Virus-like particles – the new candidate of choice for diagnosing and preventing rubella

Infectious diseases are becoming increasingly difficult to manage in the modern medical landscape. Emerging pathogens, mounting antimicrobial resistance, increasing world travel and changing lifestyles have added layers of complexity to controlling and containing infections,1 and so it is critical that laboratories are equipped with the latest technologies and innovations to effectively address current and future outbreaks.

One novel technology that holds great potential for improving infectious disease management is virus-like particles (VLPs). These non-infectious recombinant viral structures perfectly mimic the structure and symmetry of the outer shell of live virions, but lack the genetic material required to productively infect host cells.1,2 Despite being replication-defective and non-infectious, VLPs are recognized, taken up and processed by the immune system in the same way as live viruses, making them ideal candidates for the research and development of diagnostic tests and vaccines.3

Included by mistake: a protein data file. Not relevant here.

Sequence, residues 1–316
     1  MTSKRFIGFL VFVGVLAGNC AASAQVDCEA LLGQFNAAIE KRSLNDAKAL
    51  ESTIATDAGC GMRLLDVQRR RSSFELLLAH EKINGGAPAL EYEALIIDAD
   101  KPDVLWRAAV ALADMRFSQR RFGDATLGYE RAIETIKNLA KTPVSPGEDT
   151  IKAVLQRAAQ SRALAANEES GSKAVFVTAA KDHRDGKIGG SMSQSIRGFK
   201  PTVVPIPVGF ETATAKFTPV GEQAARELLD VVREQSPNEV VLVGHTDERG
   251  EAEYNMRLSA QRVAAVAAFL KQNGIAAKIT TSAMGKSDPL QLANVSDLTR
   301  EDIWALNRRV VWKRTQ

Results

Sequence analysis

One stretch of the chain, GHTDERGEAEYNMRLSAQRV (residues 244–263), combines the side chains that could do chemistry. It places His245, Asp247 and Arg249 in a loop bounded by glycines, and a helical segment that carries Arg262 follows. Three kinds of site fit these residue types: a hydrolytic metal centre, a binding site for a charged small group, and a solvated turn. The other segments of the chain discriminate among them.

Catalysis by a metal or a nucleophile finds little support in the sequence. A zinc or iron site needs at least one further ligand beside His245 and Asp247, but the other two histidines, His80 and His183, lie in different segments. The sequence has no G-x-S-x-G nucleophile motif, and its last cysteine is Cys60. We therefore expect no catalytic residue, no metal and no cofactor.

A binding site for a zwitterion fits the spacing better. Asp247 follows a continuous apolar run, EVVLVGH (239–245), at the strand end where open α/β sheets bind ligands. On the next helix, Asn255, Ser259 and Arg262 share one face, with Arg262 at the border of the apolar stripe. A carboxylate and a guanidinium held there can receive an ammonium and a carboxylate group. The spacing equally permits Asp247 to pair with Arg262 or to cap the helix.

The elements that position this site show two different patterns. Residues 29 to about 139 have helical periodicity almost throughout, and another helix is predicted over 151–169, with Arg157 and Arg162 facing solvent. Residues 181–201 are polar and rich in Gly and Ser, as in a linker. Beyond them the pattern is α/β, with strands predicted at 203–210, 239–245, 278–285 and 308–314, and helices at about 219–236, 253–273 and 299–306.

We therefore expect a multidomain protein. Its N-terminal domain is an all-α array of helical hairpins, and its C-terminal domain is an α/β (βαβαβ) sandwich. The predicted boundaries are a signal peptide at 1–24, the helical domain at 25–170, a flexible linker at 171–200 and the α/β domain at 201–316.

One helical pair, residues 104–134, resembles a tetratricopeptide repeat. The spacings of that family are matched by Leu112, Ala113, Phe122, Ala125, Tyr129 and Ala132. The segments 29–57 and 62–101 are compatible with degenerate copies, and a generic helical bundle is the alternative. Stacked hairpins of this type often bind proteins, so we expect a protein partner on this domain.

Approaches to immunization have advanced significantly in recent years, moving away from the traditional methods based on inactivated or live attenuated viruses.2 The COVID-19 pandemic accelerated this progression, leading to the fast-tracked approval of a new generation of vaccines that includes mRNA-, DNA- and vector-based vaccines, protein subunits and VLPs. These modern vaccines remove whole viruses from the formulation altogether, avoiding the risk of any pathogenic effects.4,5,6

A major benefit of this approach, and VLPs in particular, is that there is no need for the damaging deactivation steps required for cultured native virions, meaning that particles retain their immunogenicity and specificity. VLPs can also be synthesized much faster, taking just 12 to 14 weeks in a variety of expression systems, compared to 24 to 32 weeks for cultivation and deactivation of whole virus particles.2 Furthermore, the production process is both reproducible – preventing batch-to-batch variation that may be found in cultured viral strains – and scalable.7